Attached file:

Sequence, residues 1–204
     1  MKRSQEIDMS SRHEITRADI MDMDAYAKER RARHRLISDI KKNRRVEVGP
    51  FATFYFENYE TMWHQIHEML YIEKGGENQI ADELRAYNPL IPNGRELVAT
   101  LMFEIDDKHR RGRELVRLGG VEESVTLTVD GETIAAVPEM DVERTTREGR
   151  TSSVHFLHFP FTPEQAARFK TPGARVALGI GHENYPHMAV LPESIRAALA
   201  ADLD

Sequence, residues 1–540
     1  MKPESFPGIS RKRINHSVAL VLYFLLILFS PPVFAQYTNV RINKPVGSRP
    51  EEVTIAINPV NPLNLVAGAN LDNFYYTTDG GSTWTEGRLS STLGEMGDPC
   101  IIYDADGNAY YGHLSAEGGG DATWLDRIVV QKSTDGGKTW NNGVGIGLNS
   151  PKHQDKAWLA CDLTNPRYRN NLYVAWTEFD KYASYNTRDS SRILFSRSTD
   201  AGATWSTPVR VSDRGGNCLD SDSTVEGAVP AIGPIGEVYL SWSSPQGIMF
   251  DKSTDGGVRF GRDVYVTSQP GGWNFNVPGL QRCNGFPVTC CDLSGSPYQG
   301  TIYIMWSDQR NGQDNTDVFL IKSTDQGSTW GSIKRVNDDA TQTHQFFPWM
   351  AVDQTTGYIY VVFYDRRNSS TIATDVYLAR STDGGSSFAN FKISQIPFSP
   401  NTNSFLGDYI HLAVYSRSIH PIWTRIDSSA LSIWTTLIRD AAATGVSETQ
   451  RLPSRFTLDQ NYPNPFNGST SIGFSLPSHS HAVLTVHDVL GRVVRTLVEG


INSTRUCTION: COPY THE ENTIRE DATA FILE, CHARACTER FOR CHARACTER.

Sequence, residues 1–204
     1  MKRSQEIDMS SRHEITRADI MDMDAYAKER RARHRLISDI KKNRRVEVGP
    51  FATFYFENYE TMWHQIHEML YIEKGGENQI ADELRAYNPL IPNGRELVAT
   101  LMFEIDDKHR RGRELVRLGG VEESVTLTVD GETIAAVPEM DVERTTREGR
   151  TSSVHFLHFP FTPEQAARFK TPGARVALGI GHENYPHMAV LPESIRAALA
   201  ADLD

Sequence, residues 1–540
     1  MKPESFPGIS RKRINHSVAL VLYFLLILFS PPVFAQYTNV RINKPVGSRP
    51  EEVTIAINPV NPLNLVAGAN LDNFYYTTDG GSTWTEGRLS STLGEMGDPC
   101  IIYDADGNAY YGHLSAEGGG DATWLDRIVV QKSTDGGKTW NNGVGIGLNS
   151  PKHQDKAWLA CDLTNPRYRN NLYVAWTEFD KYASYNTRDS SRILFSRSTD
   201  AGATWSTPVR VSDRGGNCLD SDSTVEGAVP AIGPIGEVYL SWSSPQGIMF
   251  DKSTDGGVRF GRDVYVTSQP GGWNFNVPGL QRCNGFPVTC CDLSGSPYQG
   301  TIYIMWSDQR NGQDNTDVFL IKSTDQGSTW GSIKRVNDDA TQTHQFFPWM
   351  AVDQTTGYIY VVFYDRRNSS TIATDVYLAR STDGGSSFAN FKISQIPFSP
   401  NTNSFLGDYI HLAVYSRSIH PIWTRIDSSA LSIWTTLIRD AAATGVSETQ
   451  RLPSRFTLDQ NYPNPFNGST SIGFSLPSHS HAVLTVHDVL GRVVRTLVEG